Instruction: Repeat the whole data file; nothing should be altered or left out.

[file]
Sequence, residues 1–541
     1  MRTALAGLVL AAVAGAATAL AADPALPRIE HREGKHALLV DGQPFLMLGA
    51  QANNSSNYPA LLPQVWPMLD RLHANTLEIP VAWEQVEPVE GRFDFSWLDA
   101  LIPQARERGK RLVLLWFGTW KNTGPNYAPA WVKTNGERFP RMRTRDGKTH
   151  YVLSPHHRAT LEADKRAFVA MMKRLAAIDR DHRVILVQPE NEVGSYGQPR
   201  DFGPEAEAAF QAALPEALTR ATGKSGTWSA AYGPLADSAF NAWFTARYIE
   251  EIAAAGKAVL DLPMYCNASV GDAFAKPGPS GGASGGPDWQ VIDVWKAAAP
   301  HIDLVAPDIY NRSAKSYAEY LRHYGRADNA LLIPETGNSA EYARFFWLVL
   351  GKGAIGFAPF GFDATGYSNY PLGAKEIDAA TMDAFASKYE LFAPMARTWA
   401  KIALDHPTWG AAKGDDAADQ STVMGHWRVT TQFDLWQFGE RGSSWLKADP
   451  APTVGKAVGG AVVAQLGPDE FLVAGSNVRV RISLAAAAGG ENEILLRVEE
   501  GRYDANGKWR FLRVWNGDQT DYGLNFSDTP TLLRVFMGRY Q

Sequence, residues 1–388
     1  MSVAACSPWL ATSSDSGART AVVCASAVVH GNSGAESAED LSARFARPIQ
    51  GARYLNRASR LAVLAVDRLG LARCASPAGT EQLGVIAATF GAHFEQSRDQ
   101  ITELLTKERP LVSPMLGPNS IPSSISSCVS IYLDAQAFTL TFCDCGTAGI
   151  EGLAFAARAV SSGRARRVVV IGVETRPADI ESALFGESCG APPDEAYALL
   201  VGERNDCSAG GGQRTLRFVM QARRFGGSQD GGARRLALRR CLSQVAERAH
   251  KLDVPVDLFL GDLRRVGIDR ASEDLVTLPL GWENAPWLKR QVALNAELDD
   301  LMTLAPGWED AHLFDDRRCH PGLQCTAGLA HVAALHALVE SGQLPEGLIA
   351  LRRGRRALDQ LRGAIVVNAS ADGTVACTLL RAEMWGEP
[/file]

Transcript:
Sequence, residues 1–541
     1  MRTALAGLVL AAVAGAATAL AADPALPRIE HREGKHALLV DGQPFLMLGA
    51  QANNSSNYPA LLPQVWPMLD RLHANTLEIP VAWEQVEPVE GRFDFSWLDA
   101  LIPQARERGK RLVLLWFGTW KNTGPNYAPA WVKTNGERFP RMRTRDGKTH
   151  YVLSPHHRAT LEADKRAFVA MMKRLAAIDR DHRVILVQPE NEVGSYGQPR
   201  DFGPEAEAAF QAALPEALTR ATGKSGTWSA AYGPLADSAF NAWFTARYIE
   251  EIAAAGKAVL DLPMYCNASV GDAFAKPGPS GGASGGPDWQ VIDVWKAAAP
   301  HIDLVAPDIY NRSAKSYAEY LRHYGRADNA LLIPETGNSA EYARFFWLVL
   351  GKGAIGFAPF GFDATGYSNY PLGAKEIDAA TMDAFASKYE LFAPMARTWA
   401  KIALDHPTWG AAKGDDAADQ STVMGHWRVT TQFDLWQFGE RGSSWLKADP
   451  APTVGKAVGG AVVAQLGPDE FLVAGSNVRV RISLAAAAGG ENEILLRVEE
   501  GRYDANGKWR FLRVWNGDQT DYGLNFSDTP TLLRVFMGRY Q

Sequence, residues 1–388
     1  MSVAACSPWL ATSSDSGART AVVCASAVVH GNSGAESAED LSARFARPIQ
    51  GARYLNRASR LAVLAVDRLG LARCASPAGT EQLGVIAATF GAHFEQSRDQ
   101  ITELLTKERP LVSPMLGPNS IPSSISSCVS IYLDAQAFTL TFCDCGTAGI
   151  EGLAFAARAV SSGRARRVVV IGVETRPADI ESALFGESCG APPDEAYALL
   201  VGERNDCSAG GGQRTLRFVM QARRFGGSQD GGARRLALRR CLSQVAERAH
   251  KLDVPVDLFL GDLRRVGIDR ASEDLVTLPL GWENAPWLKR QVALNAELDD
   301  LMTLAPGWED AHLFDDRRCH PGLQCTAGLA HVAALHALVE SGQLPEGLIA
   351  LRRGRRALDQ LRGAIVVNAS ADGTVACTLL RAEMWGEP